Capturing Groth Hall

3D Scanning for the 30th Anniversary

Documenting the process of performing a 3D scan of an entire building using the Matterport camera.
3D scanning

June 14, 2021

I’m collaborating with the VR lab at the Fort Huachuca US Army Base on a few different projects but this was one we could bust out pretty quick just to get something on the books. So, the MA{VR}X Lab’s very first official project: the Groth Hall renovation scan!

Groth Hall

Currently the administrative center of the Sierra Vista campus, Groth Hall was opened in 1993 but (I believe) the Sierra Vista campus began construction in 1988.

Groth Hall, Sierra Vista campus, opened 1993

Groth Hall, Sierra Vista campus, opened 1993

So, while the building does host a couple classrooms and the University South Foundation’s office, it is mostly for CAST administrative staff offices, along with the folks from the Near You (formerly Distance) Network.

The Hardware

Along with an iPad to run the Matterport application that captures the scans, we were using two cameras:

Matterport Pro2

Scanning physical spaces has come a long way. Case in point, the Matterport Pro2 3D Camera:

This beast comes in at 134 megapixels.

The photography website Adorama has a great introductory video for the camera:

Leica BLK360

We were also using this monster:

Leica BLK360

The Leica BLK360 Imaging Laser Scanner is really a surveying instrument more than a traditional 360 degree camera (despite the product number).

The BLK360 is a compact imaging laser scanner that uses a 360° laser distance meter and high definition panoramic imaging to create a 3D point cloud of the space around it.

The Leica takes between 3 and 5 minutes to complete a scan depending on a few factors but we found it averaged between 4 and 4 1/2. Compared to the Matterport, that means it takes anywhere between 6 and 8 times as long to complete the scan.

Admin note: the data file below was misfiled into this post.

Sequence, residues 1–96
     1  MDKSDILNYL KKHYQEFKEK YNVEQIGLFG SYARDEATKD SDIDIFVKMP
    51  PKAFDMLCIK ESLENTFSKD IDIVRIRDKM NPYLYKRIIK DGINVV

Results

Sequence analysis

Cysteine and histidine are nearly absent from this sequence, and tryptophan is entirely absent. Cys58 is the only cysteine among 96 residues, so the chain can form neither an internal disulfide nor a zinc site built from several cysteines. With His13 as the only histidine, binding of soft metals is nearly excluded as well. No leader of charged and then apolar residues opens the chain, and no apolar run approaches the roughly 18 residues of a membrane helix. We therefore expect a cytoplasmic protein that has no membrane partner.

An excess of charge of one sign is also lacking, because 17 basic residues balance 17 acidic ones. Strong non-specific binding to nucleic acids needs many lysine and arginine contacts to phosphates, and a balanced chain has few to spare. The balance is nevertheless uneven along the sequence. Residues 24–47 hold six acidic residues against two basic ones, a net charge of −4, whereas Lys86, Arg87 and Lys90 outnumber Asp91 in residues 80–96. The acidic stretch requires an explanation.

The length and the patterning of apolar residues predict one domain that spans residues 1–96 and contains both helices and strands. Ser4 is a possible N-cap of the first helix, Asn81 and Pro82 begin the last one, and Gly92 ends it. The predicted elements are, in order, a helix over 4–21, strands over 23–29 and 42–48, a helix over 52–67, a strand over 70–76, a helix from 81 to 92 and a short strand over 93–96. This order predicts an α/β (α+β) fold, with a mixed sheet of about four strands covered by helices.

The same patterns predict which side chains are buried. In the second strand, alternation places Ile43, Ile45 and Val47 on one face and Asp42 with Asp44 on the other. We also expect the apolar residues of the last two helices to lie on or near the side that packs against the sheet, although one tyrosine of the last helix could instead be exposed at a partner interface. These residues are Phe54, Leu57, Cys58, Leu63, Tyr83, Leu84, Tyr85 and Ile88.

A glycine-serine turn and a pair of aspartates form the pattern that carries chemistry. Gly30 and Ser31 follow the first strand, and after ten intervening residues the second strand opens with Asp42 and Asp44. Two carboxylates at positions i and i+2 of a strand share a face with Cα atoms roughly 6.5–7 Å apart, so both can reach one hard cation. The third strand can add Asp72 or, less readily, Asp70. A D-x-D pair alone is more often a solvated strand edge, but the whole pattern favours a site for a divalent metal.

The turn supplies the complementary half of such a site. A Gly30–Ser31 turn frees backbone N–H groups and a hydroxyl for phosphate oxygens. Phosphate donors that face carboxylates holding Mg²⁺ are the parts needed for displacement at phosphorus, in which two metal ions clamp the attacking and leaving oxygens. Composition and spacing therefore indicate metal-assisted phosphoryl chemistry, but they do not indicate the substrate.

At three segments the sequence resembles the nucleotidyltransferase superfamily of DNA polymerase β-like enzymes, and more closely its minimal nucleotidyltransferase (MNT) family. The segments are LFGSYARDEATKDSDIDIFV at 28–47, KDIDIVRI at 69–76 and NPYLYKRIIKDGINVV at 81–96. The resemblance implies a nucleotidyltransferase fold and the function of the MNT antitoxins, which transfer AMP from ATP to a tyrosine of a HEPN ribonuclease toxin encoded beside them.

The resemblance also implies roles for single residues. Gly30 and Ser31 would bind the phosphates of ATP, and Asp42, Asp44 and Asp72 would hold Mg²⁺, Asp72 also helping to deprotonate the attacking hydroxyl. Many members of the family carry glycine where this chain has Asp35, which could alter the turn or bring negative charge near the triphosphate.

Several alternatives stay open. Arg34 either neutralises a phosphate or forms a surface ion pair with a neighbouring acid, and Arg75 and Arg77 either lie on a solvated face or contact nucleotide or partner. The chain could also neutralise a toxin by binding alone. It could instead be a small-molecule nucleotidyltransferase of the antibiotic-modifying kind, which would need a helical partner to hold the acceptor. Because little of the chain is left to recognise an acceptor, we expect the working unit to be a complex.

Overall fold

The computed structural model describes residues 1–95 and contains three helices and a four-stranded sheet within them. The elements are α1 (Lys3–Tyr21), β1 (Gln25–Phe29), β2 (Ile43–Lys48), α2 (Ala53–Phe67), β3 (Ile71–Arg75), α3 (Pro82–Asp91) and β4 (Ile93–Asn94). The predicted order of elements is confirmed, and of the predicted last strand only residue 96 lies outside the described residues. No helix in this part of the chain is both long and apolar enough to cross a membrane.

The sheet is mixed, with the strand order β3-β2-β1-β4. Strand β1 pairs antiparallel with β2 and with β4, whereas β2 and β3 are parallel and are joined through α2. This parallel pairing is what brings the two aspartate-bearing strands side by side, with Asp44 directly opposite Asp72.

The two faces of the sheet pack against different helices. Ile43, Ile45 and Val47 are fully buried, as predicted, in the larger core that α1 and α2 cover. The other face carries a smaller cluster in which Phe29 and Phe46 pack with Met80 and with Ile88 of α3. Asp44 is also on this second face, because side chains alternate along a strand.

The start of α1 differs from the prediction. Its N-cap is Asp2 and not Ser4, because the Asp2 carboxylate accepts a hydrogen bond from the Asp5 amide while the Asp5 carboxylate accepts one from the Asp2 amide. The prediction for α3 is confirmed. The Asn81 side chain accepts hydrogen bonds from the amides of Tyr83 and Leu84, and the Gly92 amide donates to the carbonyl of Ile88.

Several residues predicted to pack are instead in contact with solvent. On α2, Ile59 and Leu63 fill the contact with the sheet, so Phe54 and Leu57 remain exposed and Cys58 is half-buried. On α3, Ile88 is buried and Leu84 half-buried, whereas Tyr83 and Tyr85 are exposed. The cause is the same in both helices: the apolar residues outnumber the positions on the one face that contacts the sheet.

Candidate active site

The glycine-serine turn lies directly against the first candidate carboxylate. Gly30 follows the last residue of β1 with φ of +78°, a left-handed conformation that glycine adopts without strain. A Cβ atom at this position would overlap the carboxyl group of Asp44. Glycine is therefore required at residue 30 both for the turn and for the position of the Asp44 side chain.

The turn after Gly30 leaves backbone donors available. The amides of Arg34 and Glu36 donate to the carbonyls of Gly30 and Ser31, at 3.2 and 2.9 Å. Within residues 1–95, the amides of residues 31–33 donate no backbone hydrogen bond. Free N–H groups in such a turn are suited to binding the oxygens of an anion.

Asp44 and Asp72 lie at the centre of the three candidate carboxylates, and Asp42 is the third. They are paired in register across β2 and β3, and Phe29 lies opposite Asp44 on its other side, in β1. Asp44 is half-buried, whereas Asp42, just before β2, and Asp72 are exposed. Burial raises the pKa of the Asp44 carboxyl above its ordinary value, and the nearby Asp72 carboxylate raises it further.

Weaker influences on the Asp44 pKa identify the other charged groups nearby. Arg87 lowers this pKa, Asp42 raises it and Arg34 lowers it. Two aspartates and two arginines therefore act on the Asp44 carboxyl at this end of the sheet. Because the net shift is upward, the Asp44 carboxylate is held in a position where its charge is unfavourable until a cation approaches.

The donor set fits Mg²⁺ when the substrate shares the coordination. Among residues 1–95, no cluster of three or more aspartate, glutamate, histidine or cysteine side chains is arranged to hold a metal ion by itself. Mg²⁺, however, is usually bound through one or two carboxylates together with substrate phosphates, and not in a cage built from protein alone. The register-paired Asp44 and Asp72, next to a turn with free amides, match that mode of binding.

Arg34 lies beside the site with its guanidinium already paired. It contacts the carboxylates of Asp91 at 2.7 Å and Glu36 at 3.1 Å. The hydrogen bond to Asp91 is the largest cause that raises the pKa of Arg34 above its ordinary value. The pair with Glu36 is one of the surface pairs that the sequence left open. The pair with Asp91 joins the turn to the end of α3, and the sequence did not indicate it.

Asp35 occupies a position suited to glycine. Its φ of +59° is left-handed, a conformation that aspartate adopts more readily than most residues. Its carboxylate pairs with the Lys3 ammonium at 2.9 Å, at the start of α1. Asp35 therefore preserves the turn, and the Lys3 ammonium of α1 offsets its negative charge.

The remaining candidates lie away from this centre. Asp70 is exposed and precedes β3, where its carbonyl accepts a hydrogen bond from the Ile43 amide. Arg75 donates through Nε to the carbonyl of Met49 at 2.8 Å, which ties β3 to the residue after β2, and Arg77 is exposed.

So why use the Leica instead of the Matterport? I’ll give you a hint:


First of all, the mid-day sun is very confusing for cameras like the Matterport, as they can have a difficult time making connections with previous scan points. So, in those cases, the Leica–which is a lidar scanner, remember–works just fine in full sun.


Yesterday, when we were doing the Groth Hall scans–which had been planned for weeks, mind–the temperature in Sierra Vista wasn’t far behind that of Tucson, which reached 115°F (46.1°C). The Leica camera is black. We were scanning outside. Yeah.

Needless to say, while we did get nearly 300 scans done, we just missed out on the very last few because of the sun. Those will get completed at a later date as they’re not crucial to the building scan.

So, now it’s a matter of getting the 3D model uploaded and ready to work with. Here’s a little preview:

Groth Hall Matterport scan

Watch this space for more updates on the project!


BibTeX citation:
  author = {Straight, Ryan},
  title = {Capturing {Groth} {Hall}},
  date = {2021-06-14},
  url = {},
  langid = {en}
For attribution, please cite this work as:
Straight, Ryan. 2021. “Capturing Groth Hall.” June 14, 2021.